December 06, 2017

Americans look to finally come through on home ice 

The United States is in a golden age of hockey. 

In 2016, a record-breaking 12 American players selected in the first round of the NHL draft, led by Auston Matthews, who was selected first overall by the Toronto Maple Leafs, and other top-10 talents Clayton Keller and Matthew Tkachuk. The previous year, Jack Eichel was taken second behind prodigy Connor McDavid, and Noah Hanifin and Zach Werenski weren’t far behind. 

And unsurprisingly, the immense amount of talent produced at the junior ranks by the American National Developmental Program has translated to international success never seen before by the country. Since 2010, the Americans have won three gold medals at the World Junior Championships, dwarfing the one gold medal the country had won in the previous 35 tournaments since its official inception in 1977. 

But the unprecedented level of success enjoyed by the United States National Program hasn’t been without valleys to go along with its peaks.

After winning gold in 2010 over Canada in front of their home crowd in Saskatoon, the Americans failed to follow through the following year at home in Buffalo, losing to Canada in the semifinals. The following year, the Americans ended up in the relegation round. In 2013, they beat Sweden in the gold medal game, then followed it up with back-to-back losses in the quarterfinals in 2014 and 2015. 

This winter, the United States will host the tournament in Buffalo as defending champions. Last year, they beat Canada in a thrilling gold medal game that featured the Americans rallying from two separate two-goal deficits to win the game in a shootout. 

Does that sound familiar? Just like in 2010, the United States stunned Canada in the gold medal game in front of their home fans. The following year’s tournament was held in Buffalo and there was a lot of hype surrounding the home team following it up with another gold medal on home soil. That didn’t happen. 

The Americans will look to flip the script this year in front of their home fans in Buffalo with a team consisting of a lot of new faces. At least 15 players from last year’s roster won’t be back. Among them a standout player like Clayton Keller who is still eligible to participate, but is enjoying an excellent rookie seasons in the NHL with the Arizona Coyotes, and will not be back for obvious reasons. 

Casey Mittelstadt. Photo: Getty Images/Bruce Bennett

Players who figure to return to this year’s squad in Buffalo are goaltenders Jake Oettinger (who was a third-string) and Joseph Woll, defencemen Adam Fox and Ryan Lindgren, and forwards Joseph Anderson, Kieffer Bellows, and Patrick Harper. That isn’t a very big group of veterans, but still, the Americans have a load of fresh talent available to them for this year’s tournament to choose from. 

Particularity, a major strength of the American roster will be a gauntlet of highly-skilled forwards. At the forefront of that is Casey Mittelstadt, the eighth overall pick of the Buffalo Sabres at the 2017 NHL draft. He wasn’t on the American team last year, but he’ll likely have a big opportunity to be a dynamic force on the team in front of hoards of excited Sabres fans. There’s also Kailer Yamamoto and Josh Norris, first-round picks of the Edmonton Oilers and San Jose Sharks in 2017, and Logan Brown, the 11th overall pick by the Ottawa Senators from the American-heavy 2016 draft.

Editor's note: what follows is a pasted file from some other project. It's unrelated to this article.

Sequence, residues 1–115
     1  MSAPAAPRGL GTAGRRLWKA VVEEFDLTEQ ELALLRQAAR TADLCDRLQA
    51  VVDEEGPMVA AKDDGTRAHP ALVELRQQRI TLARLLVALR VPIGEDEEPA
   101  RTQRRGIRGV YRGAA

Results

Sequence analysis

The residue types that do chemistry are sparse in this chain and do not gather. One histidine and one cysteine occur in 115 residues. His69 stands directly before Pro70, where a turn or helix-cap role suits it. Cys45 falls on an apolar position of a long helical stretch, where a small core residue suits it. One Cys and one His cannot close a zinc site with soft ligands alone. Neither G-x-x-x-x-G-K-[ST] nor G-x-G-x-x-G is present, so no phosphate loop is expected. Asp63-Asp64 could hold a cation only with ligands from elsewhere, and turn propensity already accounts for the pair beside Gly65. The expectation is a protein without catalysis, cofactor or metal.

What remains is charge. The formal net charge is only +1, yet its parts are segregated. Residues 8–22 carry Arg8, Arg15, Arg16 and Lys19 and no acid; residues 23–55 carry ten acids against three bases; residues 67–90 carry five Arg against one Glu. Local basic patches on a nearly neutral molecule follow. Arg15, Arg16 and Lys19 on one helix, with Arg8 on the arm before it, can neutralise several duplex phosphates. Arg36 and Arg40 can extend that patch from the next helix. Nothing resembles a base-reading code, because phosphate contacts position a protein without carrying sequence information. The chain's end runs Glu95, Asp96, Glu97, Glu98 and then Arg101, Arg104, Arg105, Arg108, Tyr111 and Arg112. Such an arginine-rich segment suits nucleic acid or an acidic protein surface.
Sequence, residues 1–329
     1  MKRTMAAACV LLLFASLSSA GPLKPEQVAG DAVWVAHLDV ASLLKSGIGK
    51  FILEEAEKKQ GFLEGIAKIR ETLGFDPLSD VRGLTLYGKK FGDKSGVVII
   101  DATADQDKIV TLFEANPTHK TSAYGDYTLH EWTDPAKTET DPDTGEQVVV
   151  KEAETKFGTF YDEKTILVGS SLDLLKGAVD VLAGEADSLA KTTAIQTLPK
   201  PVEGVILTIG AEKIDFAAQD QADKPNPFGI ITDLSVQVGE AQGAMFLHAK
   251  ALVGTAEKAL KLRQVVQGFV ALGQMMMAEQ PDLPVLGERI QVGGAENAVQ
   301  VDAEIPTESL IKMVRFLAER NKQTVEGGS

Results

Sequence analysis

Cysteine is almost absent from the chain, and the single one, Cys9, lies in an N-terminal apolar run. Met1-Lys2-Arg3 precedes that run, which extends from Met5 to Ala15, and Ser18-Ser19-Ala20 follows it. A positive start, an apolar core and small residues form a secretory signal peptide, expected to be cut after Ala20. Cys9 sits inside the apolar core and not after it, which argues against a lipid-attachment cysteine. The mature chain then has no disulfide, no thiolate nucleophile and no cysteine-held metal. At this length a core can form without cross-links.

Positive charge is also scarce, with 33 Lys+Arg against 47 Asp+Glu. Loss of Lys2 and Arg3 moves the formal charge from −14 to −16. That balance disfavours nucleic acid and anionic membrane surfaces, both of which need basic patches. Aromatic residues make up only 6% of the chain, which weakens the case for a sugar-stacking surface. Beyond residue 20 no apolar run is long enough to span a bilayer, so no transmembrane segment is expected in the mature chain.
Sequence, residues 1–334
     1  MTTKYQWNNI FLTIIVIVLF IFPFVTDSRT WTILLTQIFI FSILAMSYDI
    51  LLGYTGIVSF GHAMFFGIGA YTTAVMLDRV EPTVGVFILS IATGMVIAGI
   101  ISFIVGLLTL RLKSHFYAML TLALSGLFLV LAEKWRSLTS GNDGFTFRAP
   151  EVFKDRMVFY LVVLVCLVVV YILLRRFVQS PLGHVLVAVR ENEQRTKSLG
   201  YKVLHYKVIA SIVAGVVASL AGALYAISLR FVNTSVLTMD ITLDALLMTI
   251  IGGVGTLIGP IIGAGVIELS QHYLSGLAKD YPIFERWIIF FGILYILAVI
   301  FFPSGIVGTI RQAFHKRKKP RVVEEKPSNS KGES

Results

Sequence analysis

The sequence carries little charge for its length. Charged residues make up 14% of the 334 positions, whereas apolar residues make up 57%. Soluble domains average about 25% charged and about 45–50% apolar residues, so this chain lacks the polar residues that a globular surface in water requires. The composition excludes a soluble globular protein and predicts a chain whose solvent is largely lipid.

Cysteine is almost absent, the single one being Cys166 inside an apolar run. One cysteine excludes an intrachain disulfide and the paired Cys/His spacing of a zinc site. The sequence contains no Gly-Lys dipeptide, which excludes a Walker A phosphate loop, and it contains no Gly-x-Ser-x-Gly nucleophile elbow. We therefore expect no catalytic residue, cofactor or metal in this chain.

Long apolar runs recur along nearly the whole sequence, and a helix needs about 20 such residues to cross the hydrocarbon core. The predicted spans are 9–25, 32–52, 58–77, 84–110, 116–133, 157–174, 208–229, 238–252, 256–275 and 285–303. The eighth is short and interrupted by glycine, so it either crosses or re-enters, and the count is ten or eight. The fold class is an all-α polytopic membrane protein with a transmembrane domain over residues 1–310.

Another interesting thing to watch from the Americans this year is future draft eligible players. On last year’s team, Oettinger was the only 2017 draft-eligible player on the roster. Otherwise, it was a team loaded with 19- and 20-year-olds who had already been drafted. This year, the United States is poised to be well-represented at the top of the draft yet again, and 18-year-olds Brady Tkachuk and Quinton Hughes could crack a spot on the American roster. 

Regardless, it’ll be a new-look American team from the one that captured gold from Canada’s grasp last year in Montreal. Every other time that the United States has retuned home following a gold medal win, the team has failed to live up to the hype. Could this be the year that changes? They have the talent available and it would certainly be the escalation point on the American golden age of hockey if they could. 

Jake Oettinger, Boston University (NCAA)
Joseph Woll, Boston College (NCAA)
Jeremy Swayman, University of Maine (NCAA)

Michael Anderson, University of Minnesota Duluth (NCAA)
Adam Fox, Harvard University (NCAA)
Quinn Hughes, University of Michigan (NCAA)
Cole Hults, Penn State University (NCAA)
Philip Kemp, Yale University (NCAA)
Ryan Lindgren, University of Minnesota (NCAA)
Andrew Peeke, University of Notre Dame (NCAA)
Scott Perunovich, University of Minnesota Duluth (NCAA)
Dylan Samberg, University of Minnesota Duluth (NCAA)
Reilly Walsh, Harvard University (NCAA)

Joseph Anderson, University of Minnesota Duluth (NCAA)
Jack Badini, Chicago Steel (USHL)
Kieffer Bellows, Portland Winterhawks (WHL)
Logan Brown, Windsor Spitfires (OHL)
Trent Fredric. University of Wisconsin (NCAA)
Patrick Harper, Boston University (NCAA)
Max Jones, London Knights (OHL)
William Lockwood, University of Michigan (NCAA)
Hugh McGing, Western Michigan University (NCAA)
Casey Mittelstadt, Green Bay Gamblers (USHL)
Joshua Norris, University of Michigan (NCAA)
Ryan Poehling, St. Cloud State University (NCAA)
Brady Tkachuk, U.S. National Under-18 Team (USHL)
Riley Tufte, University of Minnesota Duluth (NCAA)
Kailer Yamamoto, Spokane Chiefs (WHL)

* 28 players were selected for the preliminary roster. 23 of those will participate in the 2018 WJC. The last cuts will be made before the tournament starts on December 26th.

Cam Lewis – @cooom

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